By Chris Gardner. Photo by Liz West.
I’m a firm believer in being as transparent as possible to your readers. Let your audience know that you’re not some magical, creative, and beautiful mist floating around the internet in perfectly lit spaces wearing amazing clothes. You are a real person who blogs at night, and on weekends, and in your pajamas. Let your readers know that just to the left of that photo frame is the pile of junk you scootched over to find some blank wall space, as well as a bunch of tape and string and other tricks. Doing so makes you a real person, and people want to follow real people, not anonymous tastemakers.
The same applies to your blog content. Let your readers in on your editorial process. Be honest about what you hope to accomplish–that you’re going out on a limb and trying new things–and that you do lots of planning about what you publish.
I’m a big fan of picking a monthly focus to guide your content. Developing the vocabulary of your areas of interest and highlighting a new one every thirty days informs your readers of exactly what makes your design blog different than the other thousands of design blogs. It reminds them why they read your site in the first place.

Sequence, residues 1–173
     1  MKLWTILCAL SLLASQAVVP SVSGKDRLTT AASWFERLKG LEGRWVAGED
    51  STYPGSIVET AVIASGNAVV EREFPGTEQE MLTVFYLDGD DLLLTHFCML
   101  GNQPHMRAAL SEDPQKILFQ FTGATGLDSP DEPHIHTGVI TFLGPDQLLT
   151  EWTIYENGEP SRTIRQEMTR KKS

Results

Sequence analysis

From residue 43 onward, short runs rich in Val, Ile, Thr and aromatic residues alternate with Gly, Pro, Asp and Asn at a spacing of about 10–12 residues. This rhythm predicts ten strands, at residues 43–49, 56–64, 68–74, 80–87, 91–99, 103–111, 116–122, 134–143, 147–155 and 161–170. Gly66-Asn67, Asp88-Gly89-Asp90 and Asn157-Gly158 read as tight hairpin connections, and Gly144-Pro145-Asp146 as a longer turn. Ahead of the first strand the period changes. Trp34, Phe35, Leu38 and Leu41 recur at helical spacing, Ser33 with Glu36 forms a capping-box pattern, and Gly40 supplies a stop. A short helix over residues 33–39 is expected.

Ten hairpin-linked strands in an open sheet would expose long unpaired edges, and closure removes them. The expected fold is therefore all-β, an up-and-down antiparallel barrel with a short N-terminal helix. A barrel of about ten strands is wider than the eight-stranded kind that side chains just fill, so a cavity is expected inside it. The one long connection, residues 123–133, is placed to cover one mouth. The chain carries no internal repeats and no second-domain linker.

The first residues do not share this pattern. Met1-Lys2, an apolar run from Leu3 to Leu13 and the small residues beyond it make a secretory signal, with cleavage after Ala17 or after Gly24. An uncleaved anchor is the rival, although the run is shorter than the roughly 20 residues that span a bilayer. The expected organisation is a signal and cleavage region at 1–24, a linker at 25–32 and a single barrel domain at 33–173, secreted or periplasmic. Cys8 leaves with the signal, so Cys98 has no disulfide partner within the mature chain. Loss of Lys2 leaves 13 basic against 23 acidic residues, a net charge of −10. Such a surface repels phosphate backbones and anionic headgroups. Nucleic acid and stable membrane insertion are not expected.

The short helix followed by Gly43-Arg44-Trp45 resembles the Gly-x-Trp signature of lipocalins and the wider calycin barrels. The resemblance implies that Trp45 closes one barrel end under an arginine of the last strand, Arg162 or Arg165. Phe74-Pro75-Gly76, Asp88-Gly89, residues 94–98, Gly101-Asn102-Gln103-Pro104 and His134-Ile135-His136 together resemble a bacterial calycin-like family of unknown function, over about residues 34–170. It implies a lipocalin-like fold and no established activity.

So, pick twelve (make that eleven) things you’d like to talk about this year, and plan around them. And then next year, repeat the ones that need revisiting, and switch others to cover new areas. Think about how your favorite magazines cover topics throughout the year and try to emulate them. Or, if you can only come up with five, assign them to each day of the week. Talk about this thing on Monday and that thing on Thursday, etc.
Now make sure you tell everyone about what you’re doing. Be open. Say things like, “This March, we’re covering all things _________,” and “It’s Friday, so I’m back with another _____________.” This develops rhythms to your blog, and teaches readers what to expect. It also shows new readers that if they come back, they’ll get more of the same content that inspired them to come to your site in the first place. And that’s the real benefit – stumblers will become casual users, and casual readers will become regulars, and regulars will become superfans, commenters, and collaborators.